Most American readers of Chinese poetry come to it through classic translations by Ezra Pound, Gary Snyder, Burton Watson, and a few others. With some notable exceptions, those translations have tended to focus on the poetic triumvirate of the Tang dynasty (618–907 CE): Li Bai (Li Po), Du Fu (Tu Fu), and Wang Wei. The literary context in which those three Tang poets are placed—in China as well as the U.S.—is part of a long, ascendant tradition in Chinese letters, beginning to certain degree with the early anthology that Confucius assembled: the Shijing, better known in English as the Book of Odes or the Book of Songs (Pound translated it as Shih-Ching: The Classic Anthology Defined by Confucius). The poems of the Shijing, which often seem little more than folk ditties, span seven centuries during the fabled Zhou dynasty (1046–256 BCE)—the time, according to Confucius in his Analects, when politics and society were ordered as they should be. In China, the Zhou and Tang periods are acknowledged as two golden ages, exemplars of what is best in the Chinese tradition. A trajectory of one to the other is easily assumed.
But poetry from the period is as little in imitation of the Shijing as the politics of the Tang were a repetition of Zhou politics. In reality, it was much more varied. While writers like Du Fu held official posts and were widely recognized for mastery of formal poetic conventions, Li Bai, though he enjoyed a certain amount of prestige and reputation, was nevertheless a bit of a “poet’s poet” who didn’t observe convention well, and at times veered close to what would be considered free verse. There’s a reason he is called a “banished immortal.”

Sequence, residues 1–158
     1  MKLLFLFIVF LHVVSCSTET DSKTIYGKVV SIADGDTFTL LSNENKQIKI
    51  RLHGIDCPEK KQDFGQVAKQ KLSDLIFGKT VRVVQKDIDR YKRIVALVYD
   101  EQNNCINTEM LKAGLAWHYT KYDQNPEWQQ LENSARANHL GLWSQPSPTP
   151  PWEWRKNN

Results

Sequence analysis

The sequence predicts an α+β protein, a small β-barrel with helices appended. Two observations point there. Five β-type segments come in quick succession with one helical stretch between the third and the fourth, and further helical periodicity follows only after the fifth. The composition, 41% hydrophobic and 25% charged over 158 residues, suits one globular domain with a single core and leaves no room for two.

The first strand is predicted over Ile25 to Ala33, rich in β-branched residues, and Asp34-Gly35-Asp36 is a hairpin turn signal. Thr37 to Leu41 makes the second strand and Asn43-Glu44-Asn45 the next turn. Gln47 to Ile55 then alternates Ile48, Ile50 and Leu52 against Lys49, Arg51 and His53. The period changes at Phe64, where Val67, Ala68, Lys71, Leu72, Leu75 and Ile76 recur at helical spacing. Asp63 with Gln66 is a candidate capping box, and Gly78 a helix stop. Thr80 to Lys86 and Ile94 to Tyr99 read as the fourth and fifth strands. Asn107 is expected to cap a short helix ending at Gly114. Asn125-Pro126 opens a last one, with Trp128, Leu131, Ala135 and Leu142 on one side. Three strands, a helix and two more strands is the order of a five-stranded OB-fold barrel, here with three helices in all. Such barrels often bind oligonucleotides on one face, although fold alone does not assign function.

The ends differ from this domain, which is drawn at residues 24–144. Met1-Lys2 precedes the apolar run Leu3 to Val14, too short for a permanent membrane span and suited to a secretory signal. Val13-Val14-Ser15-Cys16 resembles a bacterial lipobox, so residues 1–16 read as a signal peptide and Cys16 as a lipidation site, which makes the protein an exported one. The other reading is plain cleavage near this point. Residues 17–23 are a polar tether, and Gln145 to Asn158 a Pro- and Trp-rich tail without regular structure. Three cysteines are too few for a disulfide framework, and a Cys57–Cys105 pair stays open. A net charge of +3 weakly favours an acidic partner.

But whether or not a major Tang poet like Li Bai really falls in line with that trajectory is, of course, a question for interpreters. The Book of Odes was heavily edited again and again through the ages in order to best illustrate what Confucians considered desirable moral qualities; memorizing the poetry in the book was thought to bring those moral qualities out in a person. But that Li Bai—the son of a foreigner, a drifter and a drinker who possibly killed a man—is often considered a descendent of that tradition should raise eyebrows.
There was another tradition that might have suited Li Bai better, one more readily associated with the later Tang dynasty—as opposed to the High Tang that the canonical poets belong to. The later Tang was not so great: following the catastrophic An Lushan rebellion during the High Tang, it witnessed multiple natural disasters, endless military interventions that sapped public funds and trust, foreign invasions and domestic fragmentation, and the dissolution of an increasingly frustrated bureaucracy, as well as the pluralism that had until then marked the times; the mood, quite simply, darkened.